Krylia Sovetov Moscow once again couldn’t reach the playoff phase of the season as they were one of the last teams to see their post-season hopes shattered. The team, that traditionally is very well-supported by Setun fans, had a rather bumpy season. Led by their new head-coach Alexander Trofimov, following several major roster adjustments, Krylia Sovetov got off to a decent start but struggled mightily in late October and early November as ‘Soviet Wings’ lost nine consecutive games and rolled down to the bottom half of Western Conference standings. Krylia Sovetov never fully recovered from that blow. They managed to catch up to the Top-8 teams of the conference and battled for the playoffs almost till the very last day of the regular season. Nevertheless, having lost consecutively the final four games of the season Krylia Sovetov missed the playoffs.
Krylia Sovetov Moscow
In the 2019-20 season: 64 games, 23 regulations wins, 5 shootout wins, 2 overtime wins, 27 regulation losses, 3 shootout losses, 4 overtime losses. 67 points, 10th place in the Western Conference.
Goals: 165 goals for, 177 goals against
Top-scorer: Evgeny Pogonchenkov – 46 (12 goals, 34 assists) points
Top goal-scorer: Damir Bilyalov – 17 goals
Most assists: Evgeny Pogonchenkov – 34 assists
Top defenseman: Rodion Poroshin – 36 (17 goals, 19 assists) points, plus-5
Starting goaltender: Denis Popov – 41 games, 10 wins, goals against average – 2.56, save percentage – 0.919 per game
Alexander Trofimov, Krylia Sovetov Moscow head-coach
“Early in the season we were still getting used to each other and we played with irregular success,” said Trofimov. “Right after the New Year’s [Krylia Sovetov] had a good stretch but then the team ran into an injury problem and if that wasn’t enough we were hit by a virus, which a lot of our players attracted. That was the key moment of the season. Just as we gained form, we lost our best players. As a result, we could bring just 17 players to our final road trip of the season, half of which were players born in 2002 and 2003. After all, they weren’t ready to play against the top Junior Hockey League teams”.
- This season Krylia Sovetov had a lot of players on their roster, for whom in was their rookie year in Junior Hockey League.
- One of the main things that we can take away from the season is that the adjustment of the players, who hadn’t had any Junior Hockey League experience, takes six months. We gathered the players in July and by early December the players finally realized what they should do and what is expected of them. We had just five players on our roster who truly had Junior Hockey League experience, while others may have been on the roster but in reality spent most of their time on the bench. This season all of them got real ice-time. On the one hand, we constantly had problems due to lack of players with the necessary experience. On the other hand, we gave experience to a lot of players who will play for us next season.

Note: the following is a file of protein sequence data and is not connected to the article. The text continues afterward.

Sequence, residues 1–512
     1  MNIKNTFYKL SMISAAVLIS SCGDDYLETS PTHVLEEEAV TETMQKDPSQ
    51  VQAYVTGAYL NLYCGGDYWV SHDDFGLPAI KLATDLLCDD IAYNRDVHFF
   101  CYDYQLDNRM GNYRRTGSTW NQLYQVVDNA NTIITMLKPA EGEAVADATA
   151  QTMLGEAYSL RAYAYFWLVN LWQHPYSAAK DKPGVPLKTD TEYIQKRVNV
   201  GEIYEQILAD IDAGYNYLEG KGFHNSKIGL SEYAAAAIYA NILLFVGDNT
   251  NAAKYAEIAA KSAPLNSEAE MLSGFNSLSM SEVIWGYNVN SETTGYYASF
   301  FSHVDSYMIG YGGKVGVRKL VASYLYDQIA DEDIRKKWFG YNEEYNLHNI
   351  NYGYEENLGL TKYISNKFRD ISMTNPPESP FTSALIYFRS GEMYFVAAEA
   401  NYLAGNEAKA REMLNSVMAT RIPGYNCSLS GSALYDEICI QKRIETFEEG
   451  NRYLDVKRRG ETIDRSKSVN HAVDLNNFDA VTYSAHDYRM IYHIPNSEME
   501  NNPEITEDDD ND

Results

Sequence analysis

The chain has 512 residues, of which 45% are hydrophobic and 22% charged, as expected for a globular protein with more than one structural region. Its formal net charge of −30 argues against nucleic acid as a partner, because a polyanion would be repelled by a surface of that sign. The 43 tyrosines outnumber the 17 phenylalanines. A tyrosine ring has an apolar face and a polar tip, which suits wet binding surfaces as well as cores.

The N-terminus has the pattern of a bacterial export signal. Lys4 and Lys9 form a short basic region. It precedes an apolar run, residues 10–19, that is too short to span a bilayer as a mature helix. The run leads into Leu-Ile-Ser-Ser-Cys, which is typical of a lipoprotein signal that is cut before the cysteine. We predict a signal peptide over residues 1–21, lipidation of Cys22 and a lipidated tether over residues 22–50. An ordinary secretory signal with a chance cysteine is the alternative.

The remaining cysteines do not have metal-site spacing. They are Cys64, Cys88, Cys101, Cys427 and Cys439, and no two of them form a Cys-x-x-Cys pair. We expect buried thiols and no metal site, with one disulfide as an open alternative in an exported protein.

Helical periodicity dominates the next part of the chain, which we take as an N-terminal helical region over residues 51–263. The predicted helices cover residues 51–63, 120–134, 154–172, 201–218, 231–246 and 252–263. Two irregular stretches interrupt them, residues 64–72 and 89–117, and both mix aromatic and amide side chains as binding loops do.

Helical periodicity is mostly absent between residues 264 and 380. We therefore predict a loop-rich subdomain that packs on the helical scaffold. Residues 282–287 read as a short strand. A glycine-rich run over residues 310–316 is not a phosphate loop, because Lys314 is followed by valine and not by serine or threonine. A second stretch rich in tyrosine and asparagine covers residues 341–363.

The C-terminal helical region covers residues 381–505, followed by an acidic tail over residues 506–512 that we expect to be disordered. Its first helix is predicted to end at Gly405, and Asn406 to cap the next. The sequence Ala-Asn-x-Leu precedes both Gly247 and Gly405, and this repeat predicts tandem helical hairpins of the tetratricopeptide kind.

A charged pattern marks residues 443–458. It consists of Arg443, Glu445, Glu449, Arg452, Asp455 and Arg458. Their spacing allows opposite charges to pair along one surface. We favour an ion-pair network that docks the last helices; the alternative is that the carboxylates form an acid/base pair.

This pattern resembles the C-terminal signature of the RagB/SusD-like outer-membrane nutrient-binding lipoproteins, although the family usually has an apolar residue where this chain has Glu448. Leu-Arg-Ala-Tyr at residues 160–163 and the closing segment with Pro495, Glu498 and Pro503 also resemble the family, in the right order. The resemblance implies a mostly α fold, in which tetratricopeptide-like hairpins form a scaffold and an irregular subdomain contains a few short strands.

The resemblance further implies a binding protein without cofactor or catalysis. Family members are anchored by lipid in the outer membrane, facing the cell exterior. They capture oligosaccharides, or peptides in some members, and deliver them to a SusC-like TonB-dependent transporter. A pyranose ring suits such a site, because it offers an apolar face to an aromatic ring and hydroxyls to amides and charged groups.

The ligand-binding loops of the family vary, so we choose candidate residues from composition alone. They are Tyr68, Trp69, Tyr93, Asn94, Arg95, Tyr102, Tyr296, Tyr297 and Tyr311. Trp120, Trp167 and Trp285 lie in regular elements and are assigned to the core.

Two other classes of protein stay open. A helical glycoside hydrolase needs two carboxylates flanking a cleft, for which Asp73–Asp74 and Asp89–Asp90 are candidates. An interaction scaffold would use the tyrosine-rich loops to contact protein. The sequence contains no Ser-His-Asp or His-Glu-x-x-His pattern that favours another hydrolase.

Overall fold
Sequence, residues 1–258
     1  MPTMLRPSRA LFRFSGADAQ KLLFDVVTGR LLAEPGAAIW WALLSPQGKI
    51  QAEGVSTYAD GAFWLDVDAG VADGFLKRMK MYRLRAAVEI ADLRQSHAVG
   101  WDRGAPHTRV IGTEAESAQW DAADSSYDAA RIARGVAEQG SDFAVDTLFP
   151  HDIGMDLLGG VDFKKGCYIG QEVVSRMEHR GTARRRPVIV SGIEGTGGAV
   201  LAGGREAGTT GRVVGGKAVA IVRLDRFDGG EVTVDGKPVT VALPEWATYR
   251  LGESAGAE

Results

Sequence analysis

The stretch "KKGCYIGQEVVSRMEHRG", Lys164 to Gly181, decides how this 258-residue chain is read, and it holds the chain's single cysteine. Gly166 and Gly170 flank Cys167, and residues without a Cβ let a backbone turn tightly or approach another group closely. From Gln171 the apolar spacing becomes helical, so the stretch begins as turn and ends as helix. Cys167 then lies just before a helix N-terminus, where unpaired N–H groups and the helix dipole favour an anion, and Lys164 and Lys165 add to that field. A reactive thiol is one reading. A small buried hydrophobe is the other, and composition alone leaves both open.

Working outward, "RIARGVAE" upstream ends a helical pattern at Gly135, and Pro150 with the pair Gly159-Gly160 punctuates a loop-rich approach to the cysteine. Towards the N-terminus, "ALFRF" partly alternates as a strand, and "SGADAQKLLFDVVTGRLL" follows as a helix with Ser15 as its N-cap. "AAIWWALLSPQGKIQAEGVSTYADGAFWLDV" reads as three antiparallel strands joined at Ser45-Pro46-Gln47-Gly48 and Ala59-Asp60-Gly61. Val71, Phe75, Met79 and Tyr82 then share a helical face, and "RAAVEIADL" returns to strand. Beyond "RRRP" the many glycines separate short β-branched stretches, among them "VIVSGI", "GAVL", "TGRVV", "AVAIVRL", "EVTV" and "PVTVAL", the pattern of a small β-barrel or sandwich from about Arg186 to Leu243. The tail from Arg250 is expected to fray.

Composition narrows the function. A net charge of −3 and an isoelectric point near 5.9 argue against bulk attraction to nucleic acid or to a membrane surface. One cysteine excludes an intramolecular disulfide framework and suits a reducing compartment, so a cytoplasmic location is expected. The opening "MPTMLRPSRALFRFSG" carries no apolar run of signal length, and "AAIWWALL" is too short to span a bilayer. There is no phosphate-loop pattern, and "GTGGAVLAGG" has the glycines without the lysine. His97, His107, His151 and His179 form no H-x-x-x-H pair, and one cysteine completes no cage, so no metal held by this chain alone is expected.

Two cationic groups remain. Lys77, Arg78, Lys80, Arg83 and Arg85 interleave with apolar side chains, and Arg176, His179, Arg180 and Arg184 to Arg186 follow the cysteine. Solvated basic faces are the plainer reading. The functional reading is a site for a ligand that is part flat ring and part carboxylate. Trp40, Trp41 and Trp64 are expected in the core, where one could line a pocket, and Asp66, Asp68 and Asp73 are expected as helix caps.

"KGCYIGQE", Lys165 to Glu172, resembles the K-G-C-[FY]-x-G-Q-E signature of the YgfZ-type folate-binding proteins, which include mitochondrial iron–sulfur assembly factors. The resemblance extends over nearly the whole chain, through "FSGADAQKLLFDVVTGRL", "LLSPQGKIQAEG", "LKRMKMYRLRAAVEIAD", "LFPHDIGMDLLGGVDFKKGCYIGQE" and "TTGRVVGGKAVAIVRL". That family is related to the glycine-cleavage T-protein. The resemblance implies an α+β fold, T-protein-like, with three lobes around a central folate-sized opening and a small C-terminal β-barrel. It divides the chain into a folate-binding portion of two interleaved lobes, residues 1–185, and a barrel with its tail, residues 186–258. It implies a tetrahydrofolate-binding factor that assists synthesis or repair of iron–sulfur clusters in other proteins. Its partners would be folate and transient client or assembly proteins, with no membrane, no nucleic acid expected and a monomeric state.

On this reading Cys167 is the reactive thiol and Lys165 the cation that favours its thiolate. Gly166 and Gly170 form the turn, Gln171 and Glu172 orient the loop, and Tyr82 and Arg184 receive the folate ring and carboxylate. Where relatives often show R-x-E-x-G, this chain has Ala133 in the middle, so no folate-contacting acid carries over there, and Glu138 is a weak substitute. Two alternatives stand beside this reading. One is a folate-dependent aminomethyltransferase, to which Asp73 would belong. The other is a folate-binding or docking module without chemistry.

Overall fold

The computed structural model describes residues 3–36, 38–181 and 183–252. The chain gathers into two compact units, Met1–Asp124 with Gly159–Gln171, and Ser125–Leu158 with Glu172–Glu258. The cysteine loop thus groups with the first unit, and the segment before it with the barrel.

- Several top players will leave Krylia Sovetov Moscow due to age limit. For instance, one of them is going to be Rodion Poroshin, who led all defensemen in points.
- Unfortunately, right now we don’t have replacements for them. Right now I can put together the second, third, fourth and even fifth lines for next season but we don’t have the players for our top line. There’s still plenty of time so we keep looking for top players and skilled hockey players. We need players who are able to decide games on their own in crucial situations. For example, on a power play. This season we couldn’t do anything with our special teams. When we lost Damir Bilyalov to injury, our special team fell apart and we couldn’t fix it with other players.
- Krylia Sovetov Moscow pulled off one of the most sensational trades of the season. The Badanin brothers moved from Omskie Yastreby to Setun. Nevertheless, both players finished the season as Chayka Nizhny Novgorod members…
- We traded for the Badanins exactly for the purpose of them playing together but it didn’t come to be. First Ilya got injured and just as he recovered, Roman got banged up. We never saw them on the ice together and when they played on their own, it was difficult for such skilled players to find chemistry with others. All of our players are of the meat-and-potatoes kind. They’re hardworking and simple. That’s why we decided to part ways with the Badanins.
- Another vivid event for Krylia Sovetov this season – club president Alexei Morozov was appointed the head of Kontinental Hockey League. How did the life of ‘Soviet Wings’ change after that?
- I think, the changes are yet to come. Alexei Morozov, who’s going to be in the news all the time now, will attract a lot of attention to the club and will help Krylia Sovetov to grow. As for the season, it was a certain responsibility to hit the ice in front of Kontinental Hockey League president. Our coaching staff was in touch with Alexei Alexeyevich [Morozov] throughout the season. For instance, when the team was in the middle of that 9-game losing streak, we worked together on ways of improving the situation. He’s a man of hockey with great experience, who played in NHL and KHL.
- This was your debut Junior Hockey League season.
- Working in Junior Hockey League is unique. You can’t gather players and work with them for a long time because of the age limit. You constantly need to bring new players to the team and junior hockey school alumni. Concluding the season, I have to understand who’s going to be on the team the following year so the work process never ceases. It’s not the case, say in VHL, where I had previously worked.
- Describe the season in three words.
- Work, progress and, of course, frustration that we didn’t make the playoffs. I think early in the season there weren’t a lot of those who believed that we would make the post-season after the regular season. But we proved that we’re capable of that. We missed the playoffs by just a little.